I made sure to buy Road Food by the Sterns and have tried to map out a few of their suggestions. Our first attempt was a place in Middlebury, Indiana, but we found ourselves out of luck, it being Sunday in Amish Country. We were more fortunate at Bob's in Sioux Falls, South Dakota. We sampled broasted chicken for the first time. Broasting is a way of cooking in a pressurized fryer. Apparantly a company in the Mid-west makes them. The result is fried chicken without the breading but all of the greasy crispy goodness. We topped off this meal with a generous helping of homemade vanilla ice cream.

Life is good! We've learned that there are RV's bigger than our apartment. You can get pretty good Mexican food in Albert Lea, Minnesota. And the deer and antelope really do play out on the range.

NYC Tart (dispatching from the field)

Wednesday, June 20, 2007

Bar Jamon

My friends are awesome. I really adore each and every one of them. And one thing they all have in common is great taste in food and restaurants. I can count on them to accompany me to a little pizza place in Brooklyn or a higher end seasonal menu type restaurant in the West Village. Sometimes I am lucky enough to be the recipient of an evening out as a gift for a birthday or some other event. S. recently took me out to the tapas bar Bar Jamon in honor of completing my masters. We share an affinity for Spanish food which was well established on a three week trip through Spain four years ago. We often reminisce and sigh thinking about the delicious meals which included bacalao, stuffed peppers, tortillas and various forms of fried fish (of which we indulged a little too much).

We have been to Casa Mono, Bar Jamon's sister restaurant around the corner. Bar Jamon really is a bar, with bar chairs situated around long, high tables. We got there early to ensure a seat and began our experience with Cava Mono. I don' t know much about sparkling wine, but this was delicate and refreshing and didn't give me a headache, all signs of something good. We wanted to try a number of plates, but ham and cheese were must-haves. We ordered a plate of jamon serrano and manchego cheese paired with mebrillo (quince paste). I am partial to this combination from having to make trays and trays of the paste as a pastry chef in San Francisco. We also had to get pain con tomate. This is basically toasted bread with tomatoes rubbed over the top and drizzled with olive oil. So simple and so satisfying. I think tomatoes on toast is one of the best things to eat. Ever. We also had lomo (pork) served with shitake mushrooms and a plate of pickled sardines. The only disappointment was the churros with chocolate. I think everything served at Bar Jamon is prepared earlier in the day and just plated to order by the bartenders. The churros were hard and drenched in cinnamon sugar, nothing like the light, crispy/chewy fried dough sticks we were expecting. The chocolate was tasty, with a bit of a spicy kick, but it didn't make up for the churros. I guess it is a reason to go back to Seville.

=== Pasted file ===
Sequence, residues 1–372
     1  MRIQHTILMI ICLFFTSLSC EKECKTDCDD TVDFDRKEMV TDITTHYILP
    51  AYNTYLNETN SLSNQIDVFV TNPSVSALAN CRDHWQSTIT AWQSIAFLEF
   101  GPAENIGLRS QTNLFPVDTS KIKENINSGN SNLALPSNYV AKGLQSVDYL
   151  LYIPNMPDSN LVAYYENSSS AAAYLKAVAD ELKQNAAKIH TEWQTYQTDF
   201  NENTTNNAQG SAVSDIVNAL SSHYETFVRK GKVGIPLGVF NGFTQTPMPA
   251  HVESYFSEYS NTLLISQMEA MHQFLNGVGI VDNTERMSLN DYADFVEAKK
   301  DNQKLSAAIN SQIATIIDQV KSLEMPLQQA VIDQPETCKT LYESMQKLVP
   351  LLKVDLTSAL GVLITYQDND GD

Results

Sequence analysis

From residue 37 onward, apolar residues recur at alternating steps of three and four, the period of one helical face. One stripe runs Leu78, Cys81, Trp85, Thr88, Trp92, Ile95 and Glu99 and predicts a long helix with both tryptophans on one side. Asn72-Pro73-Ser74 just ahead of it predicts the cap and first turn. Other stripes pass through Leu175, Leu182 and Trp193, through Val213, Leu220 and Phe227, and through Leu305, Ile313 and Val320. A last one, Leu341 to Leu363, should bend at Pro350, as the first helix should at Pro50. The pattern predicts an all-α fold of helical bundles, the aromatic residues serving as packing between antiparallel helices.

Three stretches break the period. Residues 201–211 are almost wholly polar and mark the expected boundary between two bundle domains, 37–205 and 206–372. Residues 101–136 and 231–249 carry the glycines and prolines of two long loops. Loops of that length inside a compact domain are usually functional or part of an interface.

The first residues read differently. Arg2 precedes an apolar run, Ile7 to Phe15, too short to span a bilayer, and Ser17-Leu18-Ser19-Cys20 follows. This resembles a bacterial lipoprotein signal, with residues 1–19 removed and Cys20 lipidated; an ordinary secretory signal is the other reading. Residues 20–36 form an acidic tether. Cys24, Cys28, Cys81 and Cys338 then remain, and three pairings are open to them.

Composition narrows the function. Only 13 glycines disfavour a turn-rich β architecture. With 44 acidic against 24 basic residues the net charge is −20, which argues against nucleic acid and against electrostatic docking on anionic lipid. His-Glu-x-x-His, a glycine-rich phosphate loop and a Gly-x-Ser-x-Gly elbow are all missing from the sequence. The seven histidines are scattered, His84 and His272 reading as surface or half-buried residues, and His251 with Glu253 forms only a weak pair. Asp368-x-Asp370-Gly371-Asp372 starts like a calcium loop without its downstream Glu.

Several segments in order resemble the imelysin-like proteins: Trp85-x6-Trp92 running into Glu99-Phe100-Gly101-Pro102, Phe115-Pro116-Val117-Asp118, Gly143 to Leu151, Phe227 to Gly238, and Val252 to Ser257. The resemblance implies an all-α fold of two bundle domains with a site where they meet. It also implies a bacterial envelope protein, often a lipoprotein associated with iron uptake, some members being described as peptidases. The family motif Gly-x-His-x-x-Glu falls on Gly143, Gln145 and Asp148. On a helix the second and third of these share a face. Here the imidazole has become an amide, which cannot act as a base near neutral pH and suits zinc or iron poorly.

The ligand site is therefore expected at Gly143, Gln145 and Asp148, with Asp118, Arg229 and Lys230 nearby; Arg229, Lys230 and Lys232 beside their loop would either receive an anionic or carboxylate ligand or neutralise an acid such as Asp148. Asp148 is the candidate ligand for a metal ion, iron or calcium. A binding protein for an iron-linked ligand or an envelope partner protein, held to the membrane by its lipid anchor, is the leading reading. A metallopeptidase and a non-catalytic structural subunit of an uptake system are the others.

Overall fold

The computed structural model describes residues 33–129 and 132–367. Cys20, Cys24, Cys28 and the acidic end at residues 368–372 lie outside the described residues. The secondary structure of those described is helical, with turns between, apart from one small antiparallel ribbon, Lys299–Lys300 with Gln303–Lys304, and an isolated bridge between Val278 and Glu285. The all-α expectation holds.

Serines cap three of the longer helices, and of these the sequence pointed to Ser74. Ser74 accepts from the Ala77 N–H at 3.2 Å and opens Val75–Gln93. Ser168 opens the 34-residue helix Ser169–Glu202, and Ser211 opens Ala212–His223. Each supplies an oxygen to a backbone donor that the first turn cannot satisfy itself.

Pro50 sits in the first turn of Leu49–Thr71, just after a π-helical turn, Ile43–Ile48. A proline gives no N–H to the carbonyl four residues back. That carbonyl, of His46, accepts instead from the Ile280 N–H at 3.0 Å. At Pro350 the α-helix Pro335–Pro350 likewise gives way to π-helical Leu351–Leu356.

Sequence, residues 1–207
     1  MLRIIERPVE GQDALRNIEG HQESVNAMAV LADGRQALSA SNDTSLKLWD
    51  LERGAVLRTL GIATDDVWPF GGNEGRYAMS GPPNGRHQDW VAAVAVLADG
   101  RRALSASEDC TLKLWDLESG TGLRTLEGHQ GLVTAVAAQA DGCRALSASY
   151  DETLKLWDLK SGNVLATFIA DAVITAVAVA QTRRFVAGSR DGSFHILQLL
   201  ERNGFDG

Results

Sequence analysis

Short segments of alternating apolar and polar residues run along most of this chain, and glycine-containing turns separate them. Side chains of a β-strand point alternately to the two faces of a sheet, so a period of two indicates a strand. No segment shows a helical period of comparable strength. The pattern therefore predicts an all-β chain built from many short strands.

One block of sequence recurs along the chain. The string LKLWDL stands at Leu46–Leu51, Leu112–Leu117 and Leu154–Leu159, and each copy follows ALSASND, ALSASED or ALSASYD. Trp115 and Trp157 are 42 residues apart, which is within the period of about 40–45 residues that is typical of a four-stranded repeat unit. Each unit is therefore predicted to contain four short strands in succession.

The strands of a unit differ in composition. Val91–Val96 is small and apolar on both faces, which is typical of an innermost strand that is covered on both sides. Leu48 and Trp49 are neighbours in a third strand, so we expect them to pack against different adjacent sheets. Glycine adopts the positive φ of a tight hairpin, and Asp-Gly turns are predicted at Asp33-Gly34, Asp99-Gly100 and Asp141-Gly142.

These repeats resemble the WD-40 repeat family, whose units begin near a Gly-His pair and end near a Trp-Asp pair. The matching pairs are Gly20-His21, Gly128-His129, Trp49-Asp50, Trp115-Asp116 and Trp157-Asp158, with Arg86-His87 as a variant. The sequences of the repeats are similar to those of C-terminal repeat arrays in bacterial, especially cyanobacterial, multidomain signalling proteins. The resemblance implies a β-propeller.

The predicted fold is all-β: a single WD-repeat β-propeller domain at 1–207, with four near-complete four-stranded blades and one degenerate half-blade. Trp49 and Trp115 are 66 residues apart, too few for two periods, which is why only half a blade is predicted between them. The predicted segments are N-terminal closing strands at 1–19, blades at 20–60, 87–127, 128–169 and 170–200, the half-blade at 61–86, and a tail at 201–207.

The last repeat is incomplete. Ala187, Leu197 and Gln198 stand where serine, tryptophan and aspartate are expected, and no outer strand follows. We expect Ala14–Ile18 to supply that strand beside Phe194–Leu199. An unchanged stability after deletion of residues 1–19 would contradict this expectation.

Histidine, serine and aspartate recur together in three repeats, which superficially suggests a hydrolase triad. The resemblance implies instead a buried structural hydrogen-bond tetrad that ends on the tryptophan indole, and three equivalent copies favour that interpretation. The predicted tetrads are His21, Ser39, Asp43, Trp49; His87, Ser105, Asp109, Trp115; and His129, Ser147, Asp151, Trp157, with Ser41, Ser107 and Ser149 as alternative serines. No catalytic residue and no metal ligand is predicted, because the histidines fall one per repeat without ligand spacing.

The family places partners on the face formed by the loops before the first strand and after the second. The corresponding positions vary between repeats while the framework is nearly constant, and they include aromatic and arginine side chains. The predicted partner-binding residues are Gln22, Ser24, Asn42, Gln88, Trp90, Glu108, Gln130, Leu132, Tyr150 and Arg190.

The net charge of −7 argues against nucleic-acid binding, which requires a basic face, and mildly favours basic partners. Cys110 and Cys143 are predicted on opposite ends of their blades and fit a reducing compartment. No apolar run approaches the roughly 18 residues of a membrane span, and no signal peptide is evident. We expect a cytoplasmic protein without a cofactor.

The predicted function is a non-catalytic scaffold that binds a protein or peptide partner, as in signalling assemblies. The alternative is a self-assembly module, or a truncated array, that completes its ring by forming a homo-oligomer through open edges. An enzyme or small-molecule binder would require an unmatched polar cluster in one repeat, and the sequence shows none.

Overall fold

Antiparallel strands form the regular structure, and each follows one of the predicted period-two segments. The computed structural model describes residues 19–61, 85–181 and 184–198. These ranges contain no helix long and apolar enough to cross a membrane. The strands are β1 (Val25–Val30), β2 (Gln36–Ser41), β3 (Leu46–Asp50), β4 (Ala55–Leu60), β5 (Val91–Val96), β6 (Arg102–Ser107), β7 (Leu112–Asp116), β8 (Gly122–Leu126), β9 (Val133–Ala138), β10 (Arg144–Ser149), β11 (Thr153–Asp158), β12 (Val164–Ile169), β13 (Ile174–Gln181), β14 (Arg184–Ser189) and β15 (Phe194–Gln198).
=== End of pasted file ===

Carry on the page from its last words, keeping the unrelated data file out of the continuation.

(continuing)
Thanks S. for a wonderful evening out!

Bar Jamon
125 East 17th Street
New York, NY
(212) 253-2773

Tuesday, June 19, 2007

My Favorite Thing

Mmmm...bagels. One of my all time favorite things to eat. Before I moved to NYC, when I was visiting here with S., we stayed in the West Village and we would often walk by Murray's Bagels on the way to the subway. I would look in the window and see people reading the paper, enjoying their bagels. And I would think how neat it would be to live in New York and be one of those people. Little did I know that one day it would be me. Well, I usually enjoy my bagel and newspaper around the corner from my apartment in Astoria but every so often I do get myself to Murray's to have one of their crusty and chewy works of art. Today I treated myself to an everything bagel with sundried tomato cream cheese. It was a little heavy on the spread, but the bagel itself was so straight-out-of-the-oven warm that it seemed toasted and the cream cheese melted into a gooey mess. Yum! Hands down, the best bagels in New York City.

Murray's Bagels
500 6th Avenue
New York, NY
(212) 462-2830

Thursday, June 14, 2007

Official Start of Summer

I know summer doesn't officially start for another week, but as far as I'm concerned, it got going recently with a trip out to the beach topped off by dinner at All American in Massapequa. Last year I was introduced to this Long Island institution by RFC. It's legendary among him and his friends as well as with a few other LIers I know. The food is fantastic, cheap and fast. It's reminiscent of McDonalds (I'm sorry, it's not a dig, but a reality). I always get the quarter pounder and onion rings. One of these days, I'm going to get a shake, but I can't justify the calories just yet. (Maybe if I actually get myself to the gym.) But anyways, one of the traditions of going to All American is to eat in the car. Put the rings on the dashboard, lay down some napkins on your lap and dig in. It is always satisfying, especially topped off with ice cream from the adjacent Marshall's where I recently had my first Brown Bonnet...which I think sounds vaguely dirty.